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Old 12-07-2010, 09:17 PM   #72
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Re: How do libertarians balance property rights against privacy rights?

How did this ever get to spying, and an employees right to withhold information? A supervisor doesn't need an employees permission to review any paperwork submitted. And shouldn't require any permission to know where that employee is during the work day. If that includes a GPS tracker in a phone, car, or lizard spy chip under the skin, the employee has voluntarily agreed to be "on call" for the employer during all agreed hrs of the work day.

There is no difference than if the employer hired a runner to follow the employee during the work day as an assistant, and whos job included periodic check ins.
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Old 12-07-2010, 09:21 PM   #73
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Re: How do libertarians balance property rights against privacy rights?

And if the employer asks that the employee also have the phone during non-work hours?
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Old 12-07-2010, 09:22 PM   #74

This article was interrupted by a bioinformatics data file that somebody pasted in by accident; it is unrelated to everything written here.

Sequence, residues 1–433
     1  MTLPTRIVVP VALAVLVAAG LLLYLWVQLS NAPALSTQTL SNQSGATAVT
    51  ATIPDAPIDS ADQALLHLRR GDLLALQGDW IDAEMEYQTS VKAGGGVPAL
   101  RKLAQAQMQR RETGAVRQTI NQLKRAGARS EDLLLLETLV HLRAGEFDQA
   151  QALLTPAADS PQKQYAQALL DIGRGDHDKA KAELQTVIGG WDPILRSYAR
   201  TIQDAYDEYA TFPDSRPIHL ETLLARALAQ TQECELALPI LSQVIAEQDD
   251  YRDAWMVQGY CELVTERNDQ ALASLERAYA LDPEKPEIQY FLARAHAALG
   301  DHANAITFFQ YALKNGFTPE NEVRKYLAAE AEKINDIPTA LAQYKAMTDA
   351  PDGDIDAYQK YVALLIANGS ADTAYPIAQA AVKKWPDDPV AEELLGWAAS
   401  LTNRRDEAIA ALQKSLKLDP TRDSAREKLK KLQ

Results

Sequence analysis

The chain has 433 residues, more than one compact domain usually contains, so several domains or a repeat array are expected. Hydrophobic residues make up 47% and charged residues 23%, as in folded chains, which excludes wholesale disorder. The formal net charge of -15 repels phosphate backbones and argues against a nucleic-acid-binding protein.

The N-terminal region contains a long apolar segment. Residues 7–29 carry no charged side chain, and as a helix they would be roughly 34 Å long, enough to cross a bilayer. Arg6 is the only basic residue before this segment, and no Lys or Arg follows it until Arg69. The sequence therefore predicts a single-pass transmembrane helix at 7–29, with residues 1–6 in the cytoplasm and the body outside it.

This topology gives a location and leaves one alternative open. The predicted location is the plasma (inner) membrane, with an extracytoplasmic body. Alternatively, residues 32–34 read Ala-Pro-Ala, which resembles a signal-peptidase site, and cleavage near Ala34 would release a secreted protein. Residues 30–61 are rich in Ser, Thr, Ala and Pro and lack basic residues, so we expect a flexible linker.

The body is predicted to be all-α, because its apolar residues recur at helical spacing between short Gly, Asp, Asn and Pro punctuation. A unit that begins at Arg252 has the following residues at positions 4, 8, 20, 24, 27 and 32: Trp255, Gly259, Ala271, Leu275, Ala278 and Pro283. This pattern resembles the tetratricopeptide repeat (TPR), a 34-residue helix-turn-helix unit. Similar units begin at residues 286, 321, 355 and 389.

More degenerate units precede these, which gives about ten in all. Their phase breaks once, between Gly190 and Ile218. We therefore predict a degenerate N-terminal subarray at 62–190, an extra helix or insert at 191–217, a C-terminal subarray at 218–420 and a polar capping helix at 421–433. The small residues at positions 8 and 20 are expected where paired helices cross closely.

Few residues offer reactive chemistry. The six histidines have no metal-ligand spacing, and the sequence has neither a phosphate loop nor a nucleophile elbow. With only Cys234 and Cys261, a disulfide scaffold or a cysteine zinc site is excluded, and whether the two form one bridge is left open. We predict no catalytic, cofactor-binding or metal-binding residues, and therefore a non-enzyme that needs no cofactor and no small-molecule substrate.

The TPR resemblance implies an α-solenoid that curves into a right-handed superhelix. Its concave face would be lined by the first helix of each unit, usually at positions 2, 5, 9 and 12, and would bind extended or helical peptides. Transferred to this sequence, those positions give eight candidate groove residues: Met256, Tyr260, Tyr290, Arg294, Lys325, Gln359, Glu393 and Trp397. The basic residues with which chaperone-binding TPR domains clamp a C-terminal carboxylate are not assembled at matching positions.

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Re: How do libertarians balance property rights against privacy rights?

are they "on call"
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Old 12-07-2010, 09:46 PM   #75
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Re: How do libertarians balance property rights against privacy rights?

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lmao
missiledog, everyone. he'll be performing all day.
ty, tyvm (fig-its with tie)... rimshot.wav

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And if the employer asks that the employee also have the phone during non-work hours?
I can tell you some bitter stuff from real world experience regarding this particular issue. Bottom line... minimum wage laws do not apply, common decency, as well as modern medical science. At least not in Cali.